On this day: October 5th
Iran-Contra scandal goes public — 1986
Believing any further encroachment of Communism in the western hemisphere to be a direct threat to the United States, from the beginning of his time as president, Ronald Reagan supported the Contras, a paramilitary group who opposed the communist Sandinista government in Nicaragua. However, Congress expressly forbade supporting their cause once it became clear the Contras were corrupt and violent.
Believing to have found a workaround that would also help secure the release of American hostages held in Iran, the Reagan administration devised a plan to sell weapons to the Iranian regime, and use part of that money to funnel to the Contras in their war in Nicaragua. With Marine Lieutenant Colonel Oliver North helping to grease the skids with all parties involved, the CIA soon had supplies flowing to the Contras in direct violation of Congress’ wishes.
It all came to a head when Eugene Hasenfus’ aircraft was downed over Nicaragua on October 5th 1986, killing two other people on board. Hasenfus was detained by the Sandinistas, and confessed that he was running guns for the Contras, and it was all sponsored by the CIA. After repeated denials from the Reagan administration, a Congressional investigation that winter revealed it all to be true.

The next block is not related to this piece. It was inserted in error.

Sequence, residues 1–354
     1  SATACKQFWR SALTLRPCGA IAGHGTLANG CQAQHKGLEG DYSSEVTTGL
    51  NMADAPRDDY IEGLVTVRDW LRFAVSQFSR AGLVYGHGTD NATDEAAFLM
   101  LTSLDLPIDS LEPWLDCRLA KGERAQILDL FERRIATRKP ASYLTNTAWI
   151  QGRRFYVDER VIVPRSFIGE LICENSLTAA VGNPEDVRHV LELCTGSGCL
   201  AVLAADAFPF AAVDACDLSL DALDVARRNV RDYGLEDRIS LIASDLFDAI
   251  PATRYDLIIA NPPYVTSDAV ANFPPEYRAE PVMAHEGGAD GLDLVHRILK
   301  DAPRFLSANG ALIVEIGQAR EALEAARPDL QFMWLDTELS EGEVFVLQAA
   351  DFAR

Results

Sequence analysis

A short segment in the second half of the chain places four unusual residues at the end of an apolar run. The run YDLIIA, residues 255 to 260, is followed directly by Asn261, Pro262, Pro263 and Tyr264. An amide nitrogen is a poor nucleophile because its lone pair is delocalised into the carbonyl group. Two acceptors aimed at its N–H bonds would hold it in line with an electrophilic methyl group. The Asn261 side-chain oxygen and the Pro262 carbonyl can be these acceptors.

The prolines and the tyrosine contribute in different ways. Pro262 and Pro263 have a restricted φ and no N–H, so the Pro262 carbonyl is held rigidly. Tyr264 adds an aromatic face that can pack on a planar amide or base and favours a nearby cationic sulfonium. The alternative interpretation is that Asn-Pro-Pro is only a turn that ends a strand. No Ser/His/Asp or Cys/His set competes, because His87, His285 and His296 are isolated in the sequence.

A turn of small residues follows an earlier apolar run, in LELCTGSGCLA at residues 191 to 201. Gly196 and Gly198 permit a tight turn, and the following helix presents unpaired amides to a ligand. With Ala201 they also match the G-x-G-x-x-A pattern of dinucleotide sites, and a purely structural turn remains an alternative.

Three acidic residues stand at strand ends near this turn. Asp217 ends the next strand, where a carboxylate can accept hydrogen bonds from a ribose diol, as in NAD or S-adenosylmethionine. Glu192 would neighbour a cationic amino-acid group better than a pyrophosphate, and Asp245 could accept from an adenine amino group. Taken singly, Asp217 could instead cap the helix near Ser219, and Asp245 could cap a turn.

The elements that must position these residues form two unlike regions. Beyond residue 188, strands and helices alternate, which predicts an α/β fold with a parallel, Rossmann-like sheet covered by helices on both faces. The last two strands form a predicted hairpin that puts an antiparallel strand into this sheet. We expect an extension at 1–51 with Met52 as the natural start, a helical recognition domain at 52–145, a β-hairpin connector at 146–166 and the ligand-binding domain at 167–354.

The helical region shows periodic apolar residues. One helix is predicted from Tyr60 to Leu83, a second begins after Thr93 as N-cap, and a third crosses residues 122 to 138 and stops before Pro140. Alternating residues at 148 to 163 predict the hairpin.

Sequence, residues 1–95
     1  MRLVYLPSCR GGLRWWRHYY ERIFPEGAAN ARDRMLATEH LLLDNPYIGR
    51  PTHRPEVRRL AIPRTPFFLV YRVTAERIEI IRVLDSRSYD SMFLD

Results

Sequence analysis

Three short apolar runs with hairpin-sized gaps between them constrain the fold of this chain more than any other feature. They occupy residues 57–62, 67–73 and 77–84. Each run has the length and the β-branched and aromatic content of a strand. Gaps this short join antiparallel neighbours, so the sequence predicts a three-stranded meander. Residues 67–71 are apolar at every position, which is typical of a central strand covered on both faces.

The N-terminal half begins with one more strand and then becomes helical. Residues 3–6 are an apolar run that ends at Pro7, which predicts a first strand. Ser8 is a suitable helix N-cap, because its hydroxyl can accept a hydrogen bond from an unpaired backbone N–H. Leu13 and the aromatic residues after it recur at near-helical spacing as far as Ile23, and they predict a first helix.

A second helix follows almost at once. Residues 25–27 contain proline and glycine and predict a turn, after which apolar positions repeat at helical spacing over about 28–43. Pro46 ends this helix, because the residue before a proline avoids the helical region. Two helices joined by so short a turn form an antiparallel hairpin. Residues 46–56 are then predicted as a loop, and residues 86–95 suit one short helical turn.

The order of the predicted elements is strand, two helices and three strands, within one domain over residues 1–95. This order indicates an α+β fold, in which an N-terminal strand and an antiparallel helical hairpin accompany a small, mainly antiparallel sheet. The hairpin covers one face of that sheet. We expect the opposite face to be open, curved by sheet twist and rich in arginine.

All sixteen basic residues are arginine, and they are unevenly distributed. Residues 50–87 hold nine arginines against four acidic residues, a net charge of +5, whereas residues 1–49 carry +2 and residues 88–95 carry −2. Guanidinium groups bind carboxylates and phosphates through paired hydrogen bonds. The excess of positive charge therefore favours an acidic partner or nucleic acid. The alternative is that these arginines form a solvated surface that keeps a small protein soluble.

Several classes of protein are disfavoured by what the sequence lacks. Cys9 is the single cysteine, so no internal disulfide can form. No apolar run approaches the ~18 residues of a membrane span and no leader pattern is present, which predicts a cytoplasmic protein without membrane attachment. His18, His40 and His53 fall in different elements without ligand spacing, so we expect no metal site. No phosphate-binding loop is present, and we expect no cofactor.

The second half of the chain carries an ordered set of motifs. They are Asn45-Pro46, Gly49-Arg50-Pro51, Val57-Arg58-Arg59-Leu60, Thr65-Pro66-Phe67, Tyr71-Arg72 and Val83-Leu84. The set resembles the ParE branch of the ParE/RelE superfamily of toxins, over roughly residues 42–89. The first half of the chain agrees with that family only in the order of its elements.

Hasenfus was tried and convicted to 30 years in prison in Nicaragua, but was released shortly after being detained.
Simultaneous JSOC raids in Libya and Somalia – 2013
Two operations executed on the same day only two hours apart in 2013 demonstrated the flexibility and capability that JSOC had achieved after more than a decade evolution in the GWOT. In Libya, Delta operators with the assistance of F.B.I. Hostage Rescue Team operators apprehended and arrested Abu Anas al-Libi, a Libyan terrorist who had been indicted years prior for the 1998 U.S. embassy bombings in Kenya and Tanzania. Without firing a shot, Delta snatched al-Libi as he was returning from his morning prayers in Tripoli.
Across the continent in Somalia, SEAL Team Six planned to grab Abdikadar Mohamed Abdikadar, the al-Shabaab leader who was believed to be responsible for the attack on the Nairobi, Kenya shopping mall only a few weeks prior. After making a successful infil, Team 6 operators were compromised by an alert sentry who opened fire on them. The on-scene commander concluded that the SEALs could still enter and clear the compound, but in doing so would virtually guarantee the deaths of women and children. Knowing this, the SEALs withdrew without capturing their target. Their target remains at large.